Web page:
A chat with Rosanna Raymond of '90s art collective Pacific Sisters

A retrospective of the work of Auckland art collective the Pacific Sisters is running at Auckland Art Gallery until mid-July. Jean Teng sat down and talked to Rosanna Raymond about the city's art scene, then and now.

In the early ‘90s, Auckland art collective the Pacific Sisters contemporised and challenged pre-conceived notions of Pacific perspectives. Born out of dissatisfaction with the white faces and stories dominating Auckland’s narrative, its fashion, dance, music, film and photography expressed complicated issues about being New Zealand-born, mixed-race and different and its collaborations spun out into shows on the streets that eventually broke into the mainstream and into white-walled galleries.

A major retrospective – first shown at Wellington’s Te Papa in 2018 – has now found its way to Auckland Art Gallery, in the city where it all began. The exhibition weaves a visual story of Māori and Pacific creativity, identity and sisterhood and showcases work that smashed stereotypes.

OurAuckland: How does it feel, with the retrospective coming to Auckland?

Rosanna Raymond: It’s really exciting for us … There are a lot of people here that were directly connected to the Pacific Sisters and actually saw us, were a part of us, bought something off us or danced and partied with us. So we feel like it’s a homecoming. Homecoming queens.

What was the Auckland art scene like when you formed in the ‘90s?

You could count the number of [Pacific] artists on one hand. And they were mainly men – Fatu Feu’u, John Pule, Johnny Penisula. So when I first met Ani [O’Neill], it was through a friend of mine who told me about this amazing young artist who had this end-of-year show out of Elam. So I went to that. I always say it’s like a love story; we all kind of fell in love with each other. The Pacific Sisters came as we were bouncing around the clubs and streets, and that’s when the movement was happening too – Pacific theatre, Pacific art, the writers. So we were just a piece of the jigsaw puzzle, really.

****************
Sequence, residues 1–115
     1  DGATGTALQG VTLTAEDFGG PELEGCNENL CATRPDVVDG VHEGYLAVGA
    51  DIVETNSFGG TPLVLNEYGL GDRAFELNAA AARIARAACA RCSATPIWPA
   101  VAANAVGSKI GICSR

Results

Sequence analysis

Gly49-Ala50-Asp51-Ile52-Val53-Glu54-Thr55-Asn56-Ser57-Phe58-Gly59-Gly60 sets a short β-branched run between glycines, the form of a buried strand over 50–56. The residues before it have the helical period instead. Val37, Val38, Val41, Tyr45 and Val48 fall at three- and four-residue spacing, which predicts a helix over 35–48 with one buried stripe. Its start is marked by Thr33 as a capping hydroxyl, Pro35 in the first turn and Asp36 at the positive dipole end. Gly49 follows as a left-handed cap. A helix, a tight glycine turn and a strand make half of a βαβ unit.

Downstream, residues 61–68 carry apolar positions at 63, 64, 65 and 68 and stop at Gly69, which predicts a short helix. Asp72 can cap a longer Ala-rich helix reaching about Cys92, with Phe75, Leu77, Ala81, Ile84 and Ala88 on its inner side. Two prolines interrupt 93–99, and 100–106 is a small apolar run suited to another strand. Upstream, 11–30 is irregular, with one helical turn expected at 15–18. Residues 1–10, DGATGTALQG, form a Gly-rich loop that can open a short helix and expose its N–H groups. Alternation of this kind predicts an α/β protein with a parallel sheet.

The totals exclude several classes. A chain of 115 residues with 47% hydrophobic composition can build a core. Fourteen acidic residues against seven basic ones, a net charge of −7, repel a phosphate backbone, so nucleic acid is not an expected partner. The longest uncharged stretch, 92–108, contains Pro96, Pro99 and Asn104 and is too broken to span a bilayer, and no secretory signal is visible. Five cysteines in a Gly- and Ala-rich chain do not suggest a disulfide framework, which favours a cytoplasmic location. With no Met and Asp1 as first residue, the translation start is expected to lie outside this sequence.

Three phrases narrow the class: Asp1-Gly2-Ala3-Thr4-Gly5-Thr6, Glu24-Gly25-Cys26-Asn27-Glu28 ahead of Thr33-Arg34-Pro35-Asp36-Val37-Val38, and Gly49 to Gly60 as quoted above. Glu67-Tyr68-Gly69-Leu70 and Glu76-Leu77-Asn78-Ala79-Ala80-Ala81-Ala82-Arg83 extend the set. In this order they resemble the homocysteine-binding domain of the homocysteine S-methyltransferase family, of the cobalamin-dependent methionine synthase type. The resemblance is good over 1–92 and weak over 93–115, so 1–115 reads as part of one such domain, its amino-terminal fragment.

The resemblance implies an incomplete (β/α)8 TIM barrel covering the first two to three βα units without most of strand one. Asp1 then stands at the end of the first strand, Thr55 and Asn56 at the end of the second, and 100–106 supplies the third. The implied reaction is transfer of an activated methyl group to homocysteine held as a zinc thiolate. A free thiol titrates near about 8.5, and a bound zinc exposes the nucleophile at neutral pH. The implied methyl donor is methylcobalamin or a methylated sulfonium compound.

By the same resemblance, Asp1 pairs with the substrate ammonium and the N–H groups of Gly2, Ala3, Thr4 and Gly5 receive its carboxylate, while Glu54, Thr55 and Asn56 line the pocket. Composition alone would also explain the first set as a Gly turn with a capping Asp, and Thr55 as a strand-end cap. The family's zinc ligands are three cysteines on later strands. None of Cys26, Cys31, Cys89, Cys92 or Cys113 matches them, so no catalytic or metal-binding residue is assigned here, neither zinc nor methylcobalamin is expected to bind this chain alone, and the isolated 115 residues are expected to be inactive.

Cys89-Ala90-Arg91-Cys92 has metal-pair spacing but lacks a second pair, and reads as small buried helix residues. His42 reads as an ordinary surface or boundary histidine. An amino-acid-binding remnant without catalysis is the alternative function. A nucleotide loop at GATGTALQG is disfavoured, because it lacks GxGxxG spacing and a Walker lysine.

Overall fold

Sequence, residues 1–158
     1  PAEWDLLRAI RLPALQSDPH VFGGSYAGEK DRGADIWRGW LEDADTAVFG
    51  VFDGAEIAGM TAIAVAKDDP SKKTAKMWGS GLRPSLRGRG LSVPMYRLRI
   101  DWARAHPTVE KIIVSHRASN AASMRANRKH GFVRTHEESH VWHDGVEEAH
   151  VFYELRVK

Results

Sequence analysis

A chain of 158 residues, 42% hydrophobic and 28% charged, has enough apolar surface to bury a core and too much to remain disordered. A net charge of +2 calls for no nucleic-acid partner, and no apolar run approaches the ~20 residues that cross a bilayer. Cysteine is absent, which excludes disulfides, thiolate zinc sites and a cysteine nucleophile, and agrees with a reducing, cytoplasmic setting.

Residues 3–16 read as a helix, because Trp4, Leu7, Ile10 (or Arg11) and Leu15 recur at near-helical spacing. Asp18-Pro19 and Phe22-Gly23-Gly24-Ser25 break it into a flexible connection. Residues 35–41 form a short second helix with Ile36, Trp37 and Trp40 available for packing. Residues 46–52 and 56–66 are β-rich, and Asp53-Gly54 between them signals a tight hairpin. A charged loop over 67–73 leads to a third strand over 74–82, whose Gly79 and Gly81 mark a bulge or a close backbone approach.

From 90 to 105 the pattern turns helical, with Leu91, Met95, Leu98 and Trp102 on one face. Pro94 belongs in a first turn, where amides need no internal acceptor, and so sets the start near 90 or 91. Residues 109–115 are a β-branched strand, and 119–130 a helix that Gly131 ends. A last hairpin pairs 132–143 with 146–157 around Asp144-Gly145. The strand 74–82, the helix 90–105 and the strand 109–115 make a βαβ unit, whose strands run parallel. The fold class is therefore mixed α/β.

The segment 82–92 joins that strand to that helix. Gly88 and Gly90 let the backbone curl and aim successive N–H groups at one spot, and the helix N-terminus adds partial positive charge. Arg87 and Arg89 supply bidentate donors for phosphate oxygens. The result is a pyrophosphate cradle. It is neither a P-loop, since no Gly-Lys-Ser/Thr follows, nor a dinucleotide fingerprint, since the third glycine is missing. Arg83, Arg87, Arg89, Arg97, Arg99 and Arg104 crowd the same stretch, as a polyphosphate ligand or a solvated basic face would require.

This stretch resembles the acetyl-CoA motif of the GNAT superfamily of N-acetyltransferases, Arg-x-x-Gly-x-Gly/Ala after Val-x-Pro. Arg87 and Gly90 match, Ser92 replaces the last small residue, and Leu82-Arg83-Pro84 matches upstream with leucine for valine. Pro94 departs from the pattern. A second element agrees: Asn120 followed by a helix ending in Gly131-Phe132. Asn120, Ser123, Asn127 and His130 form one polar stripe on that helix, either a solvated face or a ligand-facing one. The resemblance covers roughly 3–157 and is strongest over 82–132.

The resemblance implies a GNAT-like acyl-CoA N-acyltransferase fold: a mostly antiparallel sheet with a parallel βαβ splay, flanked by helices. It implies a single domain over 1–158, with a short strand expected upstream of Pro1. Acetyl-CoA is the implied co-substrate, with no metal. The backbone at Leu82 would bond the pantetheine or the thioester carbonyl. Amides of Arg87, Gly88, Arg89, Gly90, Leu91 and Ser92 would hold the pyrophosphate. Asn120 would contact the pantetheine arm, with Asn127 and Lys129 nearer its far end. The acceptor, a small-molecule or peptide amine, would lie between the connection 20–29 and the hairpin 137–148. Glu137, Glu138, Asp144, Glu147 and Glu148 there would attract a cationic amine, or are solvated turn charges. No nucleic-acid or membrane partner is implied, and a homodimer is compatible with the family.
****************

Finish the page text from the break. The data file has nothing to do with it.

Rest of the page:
What do you think the Pacific Sisters did for Auckland?

It’s really hard to ask us, because we were really flabbergasted. Even when Nina [Tonga] said, ‘I really want to curate this show,’ we were looking at her going, ‘Why?’ It’s funny, because we struggled through those times. We weren’t accepted. We weren’t accepted into the art world. But what a lot of the next generation have told us is they see us and all of our antics and go, ‘Oh, wow. That’s me.’ But we definitely changed the cultural landscape as to what people thought of Pacific Island art and culture. We stood up to things we believed in in terms of the Tino rangatiratanga movement, the legalise marijuana movement, the queer movement.

What do you think has changed since then?

There’s just so much more. Back then, there would be four Pacific Island events in a year, now there’s about four a week. And I see that our youth are just so much more confident. But then on the flipside, there are still a lot of the same issues that I see the young artists dealing with. They’re still dealing with identity, being a New Zealand-born Pacific Islander. So all those things are still bubbling away.

How does it feel to see the artwork in a gallery?

A lot of those costumes are over 20 years old. When they are moving, you don’t see the fact that these are really well-structured, beautifully made garments. So one of the beauties that I enjoy of seeing them in still life was the fact that you really could appreciate all the different fibres and textures. That’s a real plus. It took us nearly a year to gather it all, because we all had bits. So it was like a real reunion – not just of us, but a lot of the garments. Somebody would be like, ‘Oh! Oh I’ve got that bit.’ ‘Oh, I’ve got that!’

Which artists are doing cool things in Auckland right now?

Oh my God, I have so many that I love. It’s like asking to choose a favourite child. I came back from London because I kept looking through social media and going, ‘Wow, those guys are going off, and they’re having way too much of a good time. I’m coming home. That’s enough.’ I got complete FOMO. A lot of my heroes I work with – Ani, Lisa [Reihana]. And then of course you’ve got the likes of the FAFSWAG collective, who are just next level.

Pacific Sisters: He Toa Tāera | Fashion Activists runs from Sat 23 Feb – Sun 14 Jul

This story was first published on Our Auckland.

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